12 ways colleges can address academic freedom threats from China
- New guidance from Human Rights Watch on how colleges should respond to academic freedom threats from the Chinese government recommends Confucius Institutes be closed and that colleges closely monitor and address concerning activity on campuses in both countries.
- Based on more than 100 interviews with higher ed stakeholders including academics, graduate students and administrators globally, the 12-point Code of Conduct also says colleges should reinforce academic freedom, track threats, work with other institutions to promote research in China, and offer flexibility to students and scholars working in that country.
- The interviews suggest China has monitored scholars in that country and threatened some outside the country to discourage them from criticizing it. The report also indicated Chinese students studying outside the country were fearful of retaliation for similar behavior.
The report also encourages U.S. institutions to disclose the source and amount of funding received "directly or indirectly" from the Chinese government. Additionally, it calls on them to "mentor and support" students and scholars from China "to ensure they can enjoy full academic freedom." Colleges that do forge ties with Chinese campuses for exchange and satellite programs should require a memorandum of understanding that covers academic freedom, as well as control of employment and curriculum, the group says.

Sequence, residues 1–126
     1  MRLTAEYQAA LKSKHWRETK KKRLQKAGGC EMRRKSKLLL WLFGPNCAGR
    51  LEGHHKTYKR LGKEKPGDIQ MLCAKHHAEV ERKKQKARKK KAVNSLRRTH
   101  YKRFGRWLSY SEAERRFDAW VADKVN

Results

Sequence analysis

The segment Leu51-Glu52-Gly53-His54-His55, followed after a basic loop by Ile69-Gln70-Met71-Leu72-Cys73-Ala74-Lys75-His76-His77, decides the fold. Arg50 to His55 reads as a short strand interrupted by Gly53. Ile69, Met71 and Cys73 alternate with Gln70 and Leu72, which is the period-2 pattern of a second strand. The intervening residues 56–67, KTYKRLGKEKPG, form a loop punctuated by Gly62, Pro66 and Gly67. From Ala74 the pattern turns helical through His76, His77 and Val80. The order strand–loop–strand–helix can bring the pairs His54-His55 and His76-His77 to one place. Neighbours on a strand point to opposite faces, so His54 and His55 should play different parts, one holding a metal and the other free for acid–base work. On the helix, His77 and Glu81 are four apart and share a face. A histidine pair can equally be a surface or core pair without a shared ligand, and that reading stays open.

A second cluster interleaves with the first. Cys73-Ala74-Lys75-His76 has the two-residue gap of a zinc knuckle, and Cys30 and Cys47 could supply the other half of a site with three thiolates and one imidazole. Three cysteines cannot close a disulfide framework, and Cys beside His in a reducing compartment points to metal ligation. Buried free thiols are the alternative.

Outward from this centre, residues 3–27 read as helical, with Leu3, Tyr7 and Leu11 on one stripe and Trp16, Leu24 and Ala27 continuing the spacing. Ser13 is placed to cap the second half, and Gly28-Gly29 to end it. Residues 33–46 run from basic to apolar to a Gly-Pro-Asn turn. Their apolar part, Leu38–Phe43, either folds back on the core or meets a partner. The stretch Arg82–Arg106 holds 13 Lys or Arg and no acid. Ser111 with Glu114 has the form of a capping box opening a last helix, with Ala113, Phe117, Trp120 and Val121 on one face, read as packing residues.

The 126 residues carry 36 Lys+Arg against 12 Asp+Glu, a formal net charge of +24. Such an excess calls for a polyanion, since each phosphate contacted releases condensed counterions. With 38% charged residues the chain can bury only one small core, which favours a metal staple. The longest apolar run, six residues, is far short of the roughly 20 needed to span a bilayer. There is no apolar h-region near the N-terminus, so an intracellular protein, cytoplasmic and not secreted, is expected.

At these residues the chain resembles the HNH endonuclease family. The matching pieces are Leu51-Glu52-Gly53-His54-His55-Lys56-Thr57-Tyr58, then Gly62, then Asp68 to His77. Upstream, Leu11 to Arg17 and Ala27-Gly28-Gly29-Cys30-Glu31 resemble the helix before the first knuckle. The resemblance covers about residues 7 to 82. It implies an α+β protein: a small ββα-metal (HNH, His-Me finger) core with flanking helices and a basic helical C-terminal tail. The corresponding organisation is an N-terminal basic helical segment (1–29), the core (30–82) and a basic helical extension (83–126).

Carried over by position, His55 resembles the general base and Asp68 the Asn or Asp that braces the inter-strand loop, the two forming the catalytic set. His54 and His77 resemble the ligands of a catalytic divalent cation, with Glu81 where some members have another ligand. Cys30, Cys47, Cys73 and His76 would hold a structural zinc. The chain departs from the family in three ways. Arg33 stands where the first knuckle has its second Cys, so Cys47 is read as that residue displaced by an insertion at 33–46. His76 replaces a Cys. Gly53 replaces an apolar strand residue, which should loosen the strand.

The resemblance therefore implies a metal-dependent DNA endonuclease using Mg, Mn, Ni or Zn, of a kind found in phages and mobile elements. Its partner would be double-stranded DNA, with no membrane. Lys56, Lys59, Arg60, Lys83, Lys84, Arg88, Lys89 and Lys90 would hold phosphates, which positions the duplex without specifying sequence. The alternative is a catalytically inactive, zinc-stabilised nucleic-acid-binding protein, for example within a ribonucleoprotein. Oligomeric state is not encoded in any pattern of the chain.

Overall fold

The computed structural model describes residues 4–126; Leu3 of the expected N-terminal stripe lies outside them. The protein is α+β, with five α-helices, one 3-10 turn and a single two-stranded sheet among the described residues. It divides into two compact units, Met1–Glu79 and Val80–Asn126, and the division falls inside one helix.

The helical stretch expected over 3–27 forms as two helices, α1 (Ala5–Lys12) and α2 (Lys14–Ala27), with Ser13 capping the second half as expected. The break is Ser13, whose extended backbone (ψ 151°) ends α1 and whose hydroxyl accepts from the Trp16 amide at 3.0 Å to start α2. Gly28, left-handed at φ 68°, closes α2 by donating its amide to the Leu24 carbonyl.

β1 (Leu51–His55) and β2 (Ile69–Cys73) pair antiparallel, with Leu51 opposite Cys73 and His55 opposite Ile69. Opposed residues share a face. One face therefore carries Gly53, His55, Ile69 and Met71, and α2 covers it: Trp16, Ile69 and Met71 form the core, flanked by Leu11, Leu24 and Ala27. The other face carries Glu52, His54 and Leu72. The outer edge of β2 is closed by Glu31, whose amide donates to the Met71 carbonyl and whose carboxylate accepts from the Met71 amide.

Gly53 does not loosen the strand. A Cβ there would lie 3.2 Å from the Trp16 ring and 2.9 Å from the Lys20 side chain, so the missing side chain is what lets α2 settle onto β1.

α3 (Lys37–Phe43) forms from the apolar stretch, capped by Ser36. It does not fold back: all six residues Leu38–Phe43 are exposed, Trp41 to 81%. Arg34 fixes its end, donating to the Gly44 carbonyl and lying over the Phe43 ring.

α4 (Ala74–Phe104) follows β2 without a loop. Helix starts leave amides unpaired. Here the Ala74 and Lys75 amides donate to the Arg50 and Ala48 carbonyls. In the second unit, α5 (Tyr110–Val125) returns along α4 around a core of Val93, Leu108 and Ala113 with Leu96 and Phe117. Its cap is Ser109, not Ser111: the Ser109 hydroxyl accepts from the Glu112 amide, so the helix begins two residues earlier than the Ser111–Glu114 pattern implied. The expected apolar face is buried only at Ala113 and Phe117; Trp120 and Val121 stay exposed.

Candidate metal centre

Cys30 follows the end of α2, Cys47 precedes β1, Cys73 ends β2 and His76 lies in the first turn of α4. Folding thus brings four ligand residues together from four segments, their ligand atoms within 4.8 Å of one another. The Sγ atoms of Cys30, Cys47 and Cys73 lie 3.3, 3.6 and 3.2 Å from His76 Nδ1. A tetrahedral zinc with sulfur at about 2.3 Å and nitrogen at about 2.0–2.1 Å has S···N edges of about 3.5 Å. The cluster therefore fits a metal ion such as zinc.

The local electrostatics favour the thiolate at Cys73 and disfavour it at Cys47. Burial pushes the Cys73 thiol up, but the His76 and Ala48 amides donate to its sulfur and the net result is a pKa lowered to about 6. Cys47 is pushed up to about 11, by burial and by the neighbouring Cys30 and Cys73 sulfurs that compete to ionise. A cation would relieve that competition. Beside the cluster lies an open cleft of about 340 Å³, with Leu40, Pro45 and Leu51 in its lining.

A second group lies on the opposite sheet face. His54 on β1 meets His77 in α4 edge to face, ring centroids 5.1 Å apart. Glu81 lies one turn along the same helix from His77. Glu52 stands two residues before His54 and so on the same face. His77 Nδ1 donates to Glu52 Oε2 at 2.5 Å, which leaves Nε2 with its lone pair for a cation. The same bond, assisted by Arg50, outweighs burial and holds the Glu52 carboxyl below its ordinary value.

As one example of how the Chinese government is said to be intervening in academia, Human Rights Watch reported that one interviewee, an academic, said they were asked by a senior administrator at their institution to decline media requests during a visit there by the country's president, fearing backlash for the college.
The Confucius Institute, a cultural education program that operates on around 100 U.S. college campuses, has been the subject of growing concern in higher education as well as among some politicians and the Trump administration.
A pair of recent U.S. government reports — one from the U.S. Senate and the other from the Government Accountability Office — highlighted similar concerns that the institute promoted Chinese government messaging while limiting academic freedom. However, the GAO report suggested the U.S. institutions often are in a position to control the institutes' message.
Nonetheless, several colleges are cutting ties with the Confucius Institutes. The University of Michigan announced in December that it would not renew its agreement with the institute when it expires this year. The University of Chicago, Pennsylvania State University, the University of North Florida, the University of West Florida and Texas A&M have all made similar decisions.
- Human Rights Watch China: Government Threats to Academic Freedom Abroad